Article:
Transforming Physician Care: Delivering and Accrediting an Internal Medicine Residency Program at University Hospital of Mirebalais


Reporting Organization:Partners In Health Canada
Total Budget ($CAD):$ 1,000,000
Timeframe: November 1, 2018 - January 1, 0001
Status: Implementation
Contact Information: Marleigh Austin
[email protected]

Partner & Funder Profiles


Reporting Organization


Partners In Health Canada

Participating Organizations


  • NGOs

    • Zanmi Lasante

Funders (Total Budget Contribution)


  • NGOs

    • Partners In Health Canada (85.00%)
    • Private Foundation (15.00%)
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Location


Country - Total Budget Allocation


Haiti - $ 1,000,000.00 (100.00%)

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Areas of Focus


Health - Total Budget Allocation


Health Systems, Training & Infrastructure (50 %)

Secondary/Tertiary Health Care (50 %)

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Description


The project delivers care to vulnerable patients and supports the delivery and accreditation of a residency in internal medicine at the University Hospital of Mirebalais, Haiti. Haiti suffers from a shortage of physicians and other healthcare providers, with a ratio of only 0.64 healthcare providers (doctors, nurses and midwives) per 1,000 people, which is well below the World Health Organization’s recommendation of 4.5 providers per 1,000 population. Physician shortages are even graver (.25 per 1,000); only half of these physicians have any specialist training beyond medical school and they tend to be concentrated in the capital of Port-au-Prince. Many Haitians who do train in health care move abroad because of Haiti’s economic circumstances and insufficient opportunities in the country for ongoing training, mentorship and support.
Internal medicine physicians specialize in the internal organs, including the heart, kidney, liver and lungs, and have expertise in managing diseases of these and other organs. As a result, their expertise is especially essential in managing such non-communicable diseases (NCDs) as cardiovascular disease (the #1 cause of mortality in Haiti), diabetes (#5), chronic respiratory disease (#8) and other non-communicable diseases (#10). Haiti’s disease burden is high, and the demand for this specialist knowledge is great, especially in areas outside of Port-au-Prince. Every year, of the roughly 200 new residency admissions in Haiti, an average of 17% are in internal medicine. According to the Paquet Essential de Services , Haiti would need at least 60 internists by 2030 to meet the basic staffing needs of existing primary and secondary healthcare facilities, as recommendations call for a department hospital serving a population of between 450,000 and 550,000 to have at least three staff internists. By assuring that internal medicine residents are available on a 24/7 basis in the impoverished, rural area where UHM is located – while also building platforms for health professional retention – PIH/ZL is strengthening the healthcare system for some of the most vulnerable populations in the country.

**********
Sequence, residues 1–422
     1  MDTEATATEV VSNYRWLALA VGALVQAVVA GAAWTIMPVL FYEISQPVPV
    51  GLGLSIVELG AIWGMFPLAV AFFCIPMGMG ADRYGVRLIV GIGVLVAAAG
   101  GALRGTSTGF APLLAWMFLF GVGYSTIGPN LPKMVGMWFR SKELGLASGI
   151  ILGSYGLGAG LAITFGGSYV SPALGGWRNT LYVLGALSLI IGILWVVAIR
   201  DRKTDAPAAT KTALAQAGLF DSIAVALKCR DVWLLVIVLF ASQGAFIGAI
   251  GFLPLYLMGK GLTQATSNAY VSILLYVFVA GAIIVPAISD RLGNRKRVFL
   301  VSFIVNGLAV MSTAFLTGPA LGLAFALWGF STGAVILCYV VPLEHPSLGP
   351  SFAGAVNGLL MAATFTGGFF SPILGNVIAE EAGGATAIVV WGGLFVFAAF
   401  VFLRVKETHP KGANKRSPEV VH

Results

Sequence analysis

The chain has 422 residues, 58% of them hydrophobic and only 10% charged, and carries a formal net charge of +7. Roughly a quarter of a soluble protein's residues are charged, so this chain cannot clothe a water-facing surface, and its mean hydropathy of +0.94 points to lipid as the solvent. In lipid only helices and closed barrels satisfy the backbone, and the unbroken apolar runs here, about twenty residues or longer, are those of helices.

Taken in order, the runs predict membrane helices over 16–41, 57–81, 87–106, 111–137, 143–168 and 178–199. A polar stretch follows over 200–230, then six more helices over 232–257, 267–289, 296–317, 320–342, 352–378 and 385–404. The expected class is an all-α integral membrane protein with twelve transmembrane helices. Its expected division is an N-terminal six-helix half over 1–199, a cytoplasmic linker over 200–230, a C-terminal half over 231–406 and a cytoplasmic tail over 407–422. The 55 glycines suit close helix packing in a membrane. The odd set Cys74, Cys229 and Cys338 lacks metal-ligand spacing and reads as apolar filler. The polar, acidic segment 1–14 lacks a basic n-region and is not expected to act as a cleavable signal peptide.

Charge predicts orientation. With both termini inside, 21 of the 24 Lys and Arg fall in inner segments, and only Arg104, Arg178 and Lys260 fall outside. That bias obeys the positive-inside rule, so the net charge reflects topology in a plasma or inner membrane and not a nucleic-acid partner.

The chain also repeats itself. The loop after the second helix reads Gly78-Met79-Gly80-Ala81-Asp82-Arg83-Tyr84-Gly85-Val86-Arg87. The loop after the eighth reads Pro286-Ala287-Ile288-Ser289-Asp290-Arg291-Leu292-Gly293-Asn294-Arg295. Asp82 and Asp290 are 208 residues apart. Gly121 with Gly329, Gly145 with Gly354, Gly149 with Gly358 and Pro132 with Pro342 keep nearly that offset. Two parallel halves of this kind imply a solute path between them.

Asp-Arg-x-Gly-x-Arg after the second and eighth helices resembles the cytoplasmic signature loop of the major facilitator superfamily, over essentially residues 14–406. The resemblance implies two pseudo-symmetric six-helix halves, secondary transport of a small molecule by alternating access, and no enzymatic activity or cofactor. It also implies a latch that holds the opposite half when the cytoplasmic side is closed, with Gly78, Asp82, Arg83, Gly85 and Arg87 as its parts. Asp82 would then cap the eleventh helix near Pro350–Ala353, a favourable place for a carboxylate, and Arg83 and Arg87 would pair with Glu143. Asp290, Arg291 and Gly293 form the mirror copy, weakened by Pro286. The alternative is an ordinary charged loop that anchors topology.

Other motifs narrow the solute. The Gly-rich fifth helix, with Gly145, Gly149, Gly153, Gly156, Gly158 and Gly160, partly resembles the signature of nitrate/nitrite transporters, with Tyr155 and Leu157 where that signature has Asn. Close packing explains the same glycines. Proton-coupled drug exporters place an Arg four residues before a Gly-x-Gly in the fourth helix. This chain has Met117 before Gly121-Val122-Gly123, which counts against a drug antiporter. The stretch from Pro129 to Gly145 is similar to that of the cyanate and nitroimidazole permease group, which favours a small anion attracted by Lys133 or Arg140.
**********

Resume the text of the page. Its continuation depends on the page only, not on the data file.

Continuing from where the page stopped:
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Target Population


Gender and age: Adult women Adult men Adolescent females Adolescent males Children, girls Children, boys Under-5 children Newborns Older adults, women Older adults, men
Descriptors: Urban Rural
Total Direct Population: 260,000
Total Indirect Population: 3,100,000
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Outputs


15 Staff
3641 Patients seen (2017-18)
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Results & Indicators


Expected Results


Unspecified

Achieved Results


Unspecified

Indicators


None Selected
  • None Selected
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Sub Projects


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